If you feel like this, or even close to it, read this book. It doesn’t offer quick-fix solutions (Dan points out that Christian joy isn’t an instantaneous thing that happens the moment we believe: “Joy is not a flag Jesus plants in us; it is a fruit Jesus grows in us”). There are no promises that it will make all your problems go away and leave you in a peppy mood for the rest of your life. It’s better than that. It’s a field guide for wading through the thorny trails of earthly life, and finding the only thing that is real and true underneath it all. It’s a detailed instruction manual for making your soul fertile soil for the seeds of the Holy Spirit, from whom all true joy springs.

This is one of the most needed books to have come along in years. It answers just the right questions, in just the right way, at just the right time. You won’t be sorry you read it.


  1. Jeffrey Miller

    Sounds really good, added to my wish list.

  2. Laura

    I got my copy in the mail the other way and just have to finish up one other book before I can start this one. This is SOOOO me right now 🙂

  3. Becky

    Why are some people posting in a different language? What language is it? Are the rest of us supposed to understand it? What does it mean?

  4. The Reluctant Widow

    I had seen Hallie’s announcement about the book on her blog but being that I am in a state of wanting to wallow in self-pity and misery, I thought “oh, I’ll just skip that one.” Now, as I read your post, I know I need to read it. I love the sentence you quoted, “Joy is not a flag Jesus plants in us; it is a fruit Jesus grows in us.” That’s going to be taped everywhere in my house, on my phone, in my car, you get the picture.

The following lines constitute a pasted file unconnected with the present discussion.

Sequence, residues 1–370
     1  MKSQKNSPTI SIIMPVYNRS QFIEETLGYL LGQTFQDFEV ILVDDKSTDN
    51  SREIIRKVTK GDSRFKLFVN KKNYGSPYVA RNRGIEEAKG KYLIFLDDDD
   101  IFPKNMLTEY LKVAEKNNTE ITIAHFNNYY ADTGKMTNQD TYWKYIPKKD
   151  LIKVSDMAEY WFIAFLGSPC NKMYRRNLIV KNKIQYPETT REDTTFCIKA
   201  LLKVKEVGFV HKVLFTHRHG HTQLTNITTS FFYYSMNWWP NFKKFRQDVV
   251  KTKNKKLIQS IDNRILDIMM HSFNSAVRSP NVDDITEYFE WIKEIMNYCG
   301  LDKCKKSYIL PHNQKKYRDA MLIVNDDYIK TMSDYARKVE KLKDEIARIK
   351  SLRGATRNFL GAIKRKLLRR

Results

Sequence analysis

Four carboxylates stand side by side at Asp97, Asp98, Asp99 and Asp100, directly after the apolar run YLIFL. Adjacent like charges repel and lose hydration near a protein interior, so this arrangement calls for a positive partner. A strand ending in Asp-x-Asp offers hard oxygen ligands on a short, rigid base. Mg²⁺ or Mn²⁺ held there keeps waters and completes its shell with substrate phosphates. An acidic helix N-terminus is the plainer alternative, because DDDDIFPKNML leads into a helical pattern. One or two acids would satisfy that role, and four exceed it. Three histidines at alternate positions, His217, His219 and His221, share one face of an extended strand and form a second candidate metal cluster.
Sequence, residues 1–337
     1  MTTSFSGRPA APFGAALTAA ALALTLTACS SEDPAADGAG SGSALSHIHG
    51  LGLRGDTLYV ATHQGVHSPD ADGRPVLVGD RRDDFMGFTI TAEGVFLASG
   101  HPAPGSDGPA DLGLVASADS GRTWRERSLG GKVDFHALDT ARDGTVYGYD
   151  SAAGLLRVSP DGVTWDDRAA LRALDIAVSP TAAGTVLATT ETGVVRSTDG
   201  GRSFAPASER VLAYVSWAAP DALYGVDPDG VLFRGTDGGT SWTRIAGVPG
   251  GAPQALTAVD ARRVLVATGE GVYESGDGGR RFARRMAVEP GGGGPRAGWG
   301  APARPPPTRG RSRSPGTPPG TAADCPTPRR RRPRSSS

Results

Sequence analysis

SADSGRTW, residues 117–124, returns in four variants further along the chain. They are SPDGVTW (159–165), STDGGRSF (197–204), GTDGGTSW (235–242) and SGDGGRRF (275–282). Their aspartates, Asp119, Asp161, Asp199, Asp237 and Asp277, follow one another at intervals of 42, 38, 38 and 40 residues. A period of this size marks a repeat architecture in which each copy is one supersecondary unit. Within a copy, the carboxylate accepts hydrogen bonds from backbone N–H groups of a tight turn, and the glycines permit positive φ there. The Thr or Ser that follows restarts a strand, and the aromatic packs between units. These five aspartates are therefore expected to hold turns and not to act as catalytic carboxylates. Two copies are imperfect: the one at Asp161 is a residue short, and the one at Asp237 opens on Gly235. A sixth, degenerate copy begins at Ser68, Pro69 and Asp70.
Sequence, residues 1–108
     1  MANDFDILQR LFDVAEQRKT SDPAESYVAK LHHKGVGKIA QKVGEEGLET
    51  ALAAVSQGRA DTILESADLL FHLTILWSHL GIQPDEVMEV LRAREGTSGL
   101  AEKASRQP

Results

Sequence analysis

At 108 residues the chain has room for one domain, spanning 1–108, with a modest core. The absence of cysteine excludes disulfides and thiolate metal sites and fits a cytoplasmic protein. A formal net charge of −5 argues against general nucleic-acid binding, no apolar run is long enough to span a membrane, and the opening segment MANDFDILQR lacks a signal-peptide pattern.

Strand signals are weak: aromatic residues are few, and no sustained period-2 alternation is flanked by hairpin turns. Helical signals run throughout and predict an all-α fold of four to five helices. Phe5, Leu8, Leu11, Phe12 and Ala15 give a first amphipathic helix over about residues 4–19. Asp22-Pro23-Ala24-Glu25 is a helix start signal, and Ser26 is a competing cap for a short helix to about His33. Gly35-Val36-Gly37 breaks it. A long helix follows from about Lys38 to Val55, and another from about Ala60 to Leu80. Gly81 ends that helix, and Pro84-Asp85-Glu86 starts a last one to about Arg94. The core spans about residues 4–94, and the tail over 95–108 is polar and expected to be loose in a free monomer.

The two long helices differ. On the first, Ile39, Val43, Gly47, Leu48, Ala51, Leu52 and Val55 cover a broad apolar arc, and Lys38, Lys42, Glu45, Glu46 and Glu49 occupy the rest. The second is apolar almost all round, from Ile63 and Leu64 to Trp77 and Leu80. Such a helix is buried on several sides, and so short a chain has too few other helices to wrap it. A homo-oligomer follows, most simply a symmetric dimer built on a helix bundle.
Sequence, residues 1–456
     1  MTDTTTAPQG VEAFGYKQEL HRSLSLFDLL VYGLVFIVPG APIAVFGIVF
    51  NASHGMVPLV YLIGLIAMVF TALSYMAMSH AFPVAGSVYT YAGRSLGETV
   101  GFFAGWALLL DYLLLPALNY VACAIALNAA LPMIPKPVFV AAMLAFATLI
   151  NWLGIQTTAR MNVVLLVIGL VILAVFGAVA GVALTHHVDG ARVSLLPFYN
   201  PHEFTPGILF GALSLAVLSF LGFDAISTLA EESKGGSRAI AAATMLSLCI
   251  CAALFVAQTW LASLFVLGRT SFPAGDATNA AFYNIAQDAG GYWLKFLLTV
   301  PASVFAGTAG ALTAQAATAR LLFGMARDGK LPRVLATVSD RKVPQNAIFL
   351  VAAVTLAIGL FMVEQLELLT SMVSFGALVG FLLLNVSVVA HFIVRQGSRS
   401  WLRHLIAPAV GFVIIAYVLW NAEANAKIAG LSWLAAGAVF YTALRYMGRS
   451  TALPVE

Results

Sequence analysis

5. Jenna@CallHerHappy

    Wait, is that Moxy Wife’s hubs? I need to get my hands on that book 🙂

  6. Fr. Christopher M. Zelonis

    Jennifer, (1) Best wishes on your reality show. It sounds like your column reads-the humor I enjoy. (2) “Choosing Joy” sounds like it’s written in and for our times. A satirical newspaper once headlined a papal rant to the effect that, “God Ain’t Said [Aught] To Me.” The article unfolds with typical blasphemy, but the headline reminded me that many saints endured tremendous aridity while remaining faithful to the Sacred Liturgy, works of mercy, and personal prayer. I shall have to investigate the Lord’s work so that parishioners and others can profit therefrom.

  7. Suzanne Beck

    This reminds me of a horrid time I went thru a few years ago and I remembered reading that God ‘inhabits our praise,’ and so to grow closer to God, we should simply PRAISE him, since he ‘inhabits’ the praise, we would in effect be drawing ourselves closer to him. I started that (mainly by singing the old Imperials song–Praise the Lord; lyrics here: http://www.songlyrics.com/the-imperials/praise-the-lord-lyrics/ –that really described my situation at the time.) After just a few days, I really did begin to experience a phenomenal joy in the midst of a horrid situation that lasted for well over a year. God WILL give us joy no matter what if we praise him and recognize that he is in control. Thanks for the reminder, anxious to read Dan’s book!

  8. Mary rue

    Timing is everything. I too need to read this book ASAP. (See my most recent post on The Death of a Son.

  9. Mary rue

    Timing is everything. I too need to read this book ASAP. (See my most recent post on The Death of a Son.)